Often you will get better and faster results from focusing on Linkedin than you will from spending time on any social media platforms. I say that as it is invariably the case with the accountants I speak with. Social media platforms, such as Facebook, Twitter, Instagram, Pinterest, YouTube and even Tik-Tok may work better for you but only in one situation.
That situation is simple. You can do well using a social media platform to promote your practice IF you know that the people you most want to influence are active on that platform and will see your posts. This is quite different to the advice you might see elsewhere that starts by quoting how many people use each platform daily. These numbers are rarely relevant unless you are targeting people of all ages all around the world, or even all around the UK. And even if you think your service could be widely applicable to such people they are not all your target. Accountants invariably have more success with promotional activities that are clearly focused on a more specific target. And, as I said earlier, it is often easier to reach that target through Linkedin than via social media channels.
To summarise I offer you a six step process in answer to the question “How can I use social media to promote my accountancy business?”
- Refocus your question – Why do you want to promote your business? For example, to secure low-fee paying new tax return clients? Higher value tax return clients? Small hobby-style start-up businesses? Established businesses who are not happy with their current accountant? New clients who want specific services and would be willing to pay for them? There are so many options and the more specific you can be the easier you will find it to use social media or Linkedin to successfully promote your accountancy business. (Indeed the same point applies to all forms of marketing activity you might choose)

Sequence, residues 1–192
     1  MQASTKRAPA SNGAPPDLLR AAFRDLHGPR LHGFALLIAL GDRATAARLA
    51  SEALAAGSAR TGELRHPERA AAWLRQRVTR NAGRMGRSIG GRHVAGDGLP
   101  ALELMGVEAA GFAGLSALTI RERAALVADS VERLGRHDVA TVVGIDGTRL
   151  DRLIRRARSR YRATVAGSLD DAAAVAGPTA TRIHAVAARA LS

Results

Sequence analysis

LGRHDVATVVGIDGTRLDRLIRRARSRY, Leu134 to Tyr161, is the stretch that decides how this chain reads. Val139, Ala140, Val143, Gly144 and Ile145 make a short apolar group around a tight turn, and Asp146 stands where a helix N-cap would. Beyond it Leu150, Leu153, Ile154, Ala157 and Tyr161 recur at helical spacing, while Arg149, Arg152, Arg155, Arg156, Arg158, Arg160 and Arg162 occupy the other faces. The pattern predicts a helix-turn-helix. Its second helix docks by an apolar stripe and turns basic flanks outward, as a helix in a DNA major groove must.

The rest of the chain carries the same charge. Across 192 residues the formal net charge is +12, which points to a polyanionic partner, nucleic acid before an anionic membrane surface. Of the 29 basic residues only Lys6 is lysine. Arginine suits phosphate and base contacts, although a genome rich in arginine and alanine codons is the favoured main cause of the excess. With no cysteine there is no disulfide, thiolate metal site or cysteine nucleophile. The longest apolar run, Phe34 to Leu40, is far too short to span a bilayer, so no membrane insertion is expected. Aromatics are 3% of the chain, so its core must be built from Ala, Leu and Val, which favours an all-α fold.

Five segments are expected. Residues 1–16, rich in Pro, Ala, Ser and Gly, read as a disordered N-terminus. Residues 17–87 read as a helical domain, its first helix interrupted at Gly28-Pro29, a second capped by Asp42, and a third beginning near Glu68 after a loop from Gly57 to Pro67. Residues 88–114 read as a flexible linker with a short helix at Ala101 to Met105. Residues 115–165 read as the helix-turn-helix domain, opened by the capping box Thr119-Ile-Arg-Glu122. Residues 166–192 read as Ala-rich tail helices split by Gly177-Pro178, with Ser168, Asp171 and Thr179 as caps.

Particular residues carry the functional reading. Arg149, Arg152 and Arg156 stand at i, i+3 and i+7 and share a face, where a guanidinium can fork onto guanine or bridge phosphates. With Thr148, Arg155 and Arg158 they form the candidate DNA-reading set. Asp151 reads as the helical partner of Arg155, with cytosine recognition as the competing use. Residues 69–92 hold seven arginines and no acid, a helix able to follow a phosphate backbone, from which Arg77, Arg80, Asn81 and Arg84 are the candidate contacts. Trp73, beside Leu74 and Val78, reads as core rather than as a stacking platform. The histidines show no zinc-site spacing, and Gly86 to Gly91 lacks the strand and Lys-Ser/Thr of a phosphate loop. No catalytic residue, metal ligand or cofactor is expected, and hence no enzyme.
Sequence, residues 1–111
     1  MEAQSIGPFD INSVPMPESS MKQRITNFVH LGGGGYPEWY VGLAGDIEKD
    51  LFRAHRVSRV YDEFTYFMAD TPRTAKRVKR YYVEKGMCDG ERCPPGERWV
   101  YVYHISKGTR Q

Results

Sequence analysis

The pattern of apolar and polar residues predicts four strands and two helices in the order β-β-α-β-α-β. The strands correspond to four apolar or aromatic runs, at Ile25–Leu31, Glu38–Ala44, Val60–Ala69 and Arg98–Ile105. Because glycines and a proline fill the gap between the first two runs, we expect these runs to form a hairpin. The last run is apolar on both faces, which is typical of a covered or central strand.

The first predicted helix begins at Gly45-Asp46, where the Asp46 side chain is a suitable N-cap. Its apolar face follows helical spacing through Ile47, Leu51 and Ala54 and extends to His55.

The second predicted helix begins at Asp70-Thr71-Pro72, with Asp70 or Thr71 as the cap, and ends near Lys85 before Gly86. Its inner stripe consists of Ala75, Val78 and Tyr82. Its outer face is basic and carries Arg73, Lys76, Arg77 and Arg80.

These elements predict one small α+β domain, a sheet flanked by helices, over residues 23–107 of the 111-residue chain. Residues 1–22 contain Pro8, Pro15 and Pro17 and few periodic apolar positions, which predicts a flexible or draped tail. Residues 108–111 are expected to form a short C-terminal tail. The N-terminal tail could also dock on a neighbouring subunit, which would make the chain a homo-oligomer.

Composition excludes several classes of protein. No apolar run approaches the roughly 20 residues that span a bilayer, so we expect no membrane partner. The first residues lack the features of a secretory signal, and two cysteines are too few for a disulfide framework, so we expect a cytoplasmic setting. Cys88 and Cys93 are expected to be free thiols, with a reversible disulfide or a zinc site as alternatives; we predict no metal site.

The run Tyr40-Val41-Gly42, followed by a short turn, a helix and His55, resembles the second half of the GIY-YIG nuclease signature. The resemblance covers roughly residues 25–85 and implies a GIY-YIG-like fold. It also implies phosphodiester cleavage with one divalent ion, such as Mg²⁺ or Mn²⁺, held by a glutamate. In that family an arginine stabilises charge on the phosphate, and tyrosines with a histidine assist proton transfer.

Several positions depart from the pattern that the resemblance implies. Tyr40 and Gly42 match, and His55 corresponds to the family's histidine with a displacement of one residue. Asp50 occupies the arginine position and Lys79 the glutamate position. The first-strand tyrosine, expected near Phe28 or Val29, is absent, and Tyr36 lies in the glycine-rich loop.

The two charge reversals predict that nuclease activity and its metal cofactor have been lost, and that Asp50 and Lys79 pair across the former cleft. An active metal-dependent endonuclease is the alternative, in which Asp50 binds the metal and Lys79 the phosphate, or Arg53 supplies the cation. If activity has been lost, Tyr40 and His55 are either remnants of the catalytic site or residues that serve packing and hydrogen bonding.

- Beyond this, adopt a local, community or sector specific focus
- Check out what other accountants who have a similar focus to you are doing and on which social media platform – and on Linkedin too. And click through to their websites too as these may be crucial in ensuring that leads they generate online actually get in touch.
- Clarify what return and impact you would need to get (and over what period) to justify investing time and effort on promoting your accountancy practice on a specific social media platform. Is this going to be the best way to spend time and money promoting your practice?
- Take the time to connect with, engage with and contribute to posts, groups and people who fit your target audience or who could help influence them.
- Remember to update your profile on the relevant platform and also your website so that everything is congruent with the messages you are sharing AND likely to further engage your target audience.
If you want more focused strategic input as regards your lead generation activities you will find this list useful. >>>> There’s even a link right at the foot of that page if you want my personal attention 1-2-1.